Hey - that is a stinky problem! There’s nothing worse than a “fog dart”. The one good thing is that at least you have a scape goat for your own … uh… smells. Just make sure the dog is actually in the room when you blame him. (I made that mistake once and lost my scapegoat forever more.)
I’m surprised your vet told you not to use beano. Any particular reason? We recommend it regularly in the teaching hospitalas it is non-toxic to animals and works in them the same way it does in us. (I’m just entering my last year of vet school - I’m trying to learn knitting as a way to increase my surgical finger dexterity. ) The active ingredient in beano is a natural enzyme called alpha-galactosidase which breaks complex sugars (the ones that ferment and make gas) down into simple sugars (like glucose and galactose) - that we or the dog can utilize quickly. I used to have a farty cat that benefitted from a few drops on his food once and a while.
My information certainly shouldn’t trump your vets (as she has graduated and I have not), but it’s something to ask about if you’re curious.
Another very good nutritional supplement is something called “Fortiflora” that you can get from your veterinarian. It is basically the veterinary version of “acidophilus” - active microorganism cultures, but they are enteric organisms naturally occurring in the canine gut. It’s a nutritional supplement too. Good stuff. Purina makes it. A vet can prescribe it.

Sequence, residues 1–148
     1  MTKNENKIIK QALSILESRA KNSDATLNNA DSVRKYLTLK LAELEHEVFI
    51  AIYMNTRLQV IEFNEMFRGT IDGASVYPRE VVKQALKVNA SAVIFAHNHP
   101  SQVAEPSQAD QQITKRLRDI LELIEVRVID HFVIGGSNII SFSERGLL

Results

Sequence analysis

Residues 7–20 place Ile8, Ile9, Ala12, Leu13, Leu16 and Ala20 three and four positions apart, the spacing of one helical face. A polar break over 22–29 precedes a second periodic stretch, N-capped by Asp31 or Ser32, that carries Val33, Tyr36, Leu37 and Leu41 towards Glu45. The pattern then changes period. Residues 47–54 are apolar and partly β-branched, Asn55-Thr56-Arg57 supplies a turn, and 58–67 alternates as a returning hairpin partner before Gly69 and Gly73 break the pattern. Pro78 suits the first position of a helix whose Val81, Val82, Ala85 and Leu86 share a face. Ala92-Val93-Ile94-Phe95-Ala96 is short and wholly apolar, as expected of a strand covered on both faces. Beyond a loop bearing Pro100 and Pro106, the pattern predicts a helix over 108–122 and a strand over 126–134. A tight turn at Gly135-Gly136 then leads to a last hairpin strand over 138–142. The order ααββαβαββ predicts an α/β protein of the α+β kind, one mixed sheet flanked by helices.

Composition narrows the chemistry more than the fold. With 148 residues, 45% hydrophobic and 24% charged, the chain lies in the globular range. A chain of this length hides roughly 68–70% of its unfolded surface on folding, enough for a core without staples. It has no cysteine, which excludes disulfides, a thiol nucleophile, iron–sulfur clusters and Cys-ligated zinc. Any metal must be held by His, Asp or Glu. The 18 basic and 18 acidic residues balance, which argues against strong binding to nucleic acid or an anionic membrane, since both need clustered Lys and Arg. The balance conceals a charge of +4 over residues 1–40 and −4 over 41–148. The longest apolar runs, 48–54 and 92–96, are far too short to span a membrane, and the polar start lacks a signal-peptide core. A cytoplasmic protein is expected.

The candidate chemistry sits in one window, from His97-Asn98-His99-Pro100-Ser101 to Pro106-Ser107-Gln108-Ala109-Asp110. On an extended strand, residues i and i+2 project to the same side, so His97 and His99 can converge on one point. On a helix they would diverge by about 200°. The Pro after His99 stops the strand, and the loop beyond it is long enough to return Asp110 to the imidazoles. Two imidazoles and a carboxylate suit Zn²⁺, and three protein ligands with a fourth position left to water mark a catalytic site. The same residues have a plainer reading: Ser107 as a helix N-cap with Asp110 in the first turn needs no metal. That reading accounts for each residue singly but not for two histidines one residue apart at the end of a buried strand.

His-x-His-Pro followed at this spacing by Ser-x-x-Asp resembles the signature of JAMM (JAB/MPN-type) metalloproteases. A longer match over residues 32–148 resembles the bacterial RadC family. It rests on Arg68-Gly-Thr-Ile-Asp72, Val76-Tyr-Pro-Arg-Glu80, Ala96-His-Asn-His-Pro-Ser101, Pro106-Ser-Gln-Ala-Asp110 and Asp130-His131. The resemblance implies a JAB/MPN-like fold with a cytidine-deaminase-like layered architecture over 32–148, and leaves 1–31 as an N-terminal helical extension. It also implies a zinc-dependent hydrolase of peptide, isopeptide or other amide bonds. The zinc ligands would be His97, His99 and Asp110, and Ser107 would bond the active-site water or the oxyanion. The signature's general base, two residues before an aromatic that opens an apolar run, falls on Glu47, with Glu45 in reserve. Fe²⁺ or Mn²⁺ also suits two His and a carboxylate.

There is a feline version that I can vouch for. I give it to my cats for small upsets and they clear right up. It’s great for diarrhea in particular.
For something you should be able to find in the local PetSmart type store - charcoal biscuits may help. Though remember, they are black so your dogs poop may darken too.
Another drug option that is safe for dogs is Simethicone - the active ingredient in GasX. You can get the people pills from your local drug store or there are dog specific formulations that are pastes and gels with flavor (and expense) added.
As with any information provided on the internet by a total stranger, please do not use it in place of veterinary supervision/advice. I mention these things only as ideas that I had not seen in previous threads. They may merit discussion with your dogs veterinarian.
Most important is whether or not your vet has determined a reason for this new change in your dogs digestive … status. Depending on the size of your dog and the age he was when you adopted him, this may be a normal aging change or it could be signs of impending illness. Off the top of my head… flatulence could point to anything from nothing to worry about to some fairly serious digestive and pancreatic disorders; a possible cause is worth looking into if only to assure yourself that it really is nothing to worry about.
Oh, and Mike is certainly correct about the ruminants. They fart methane.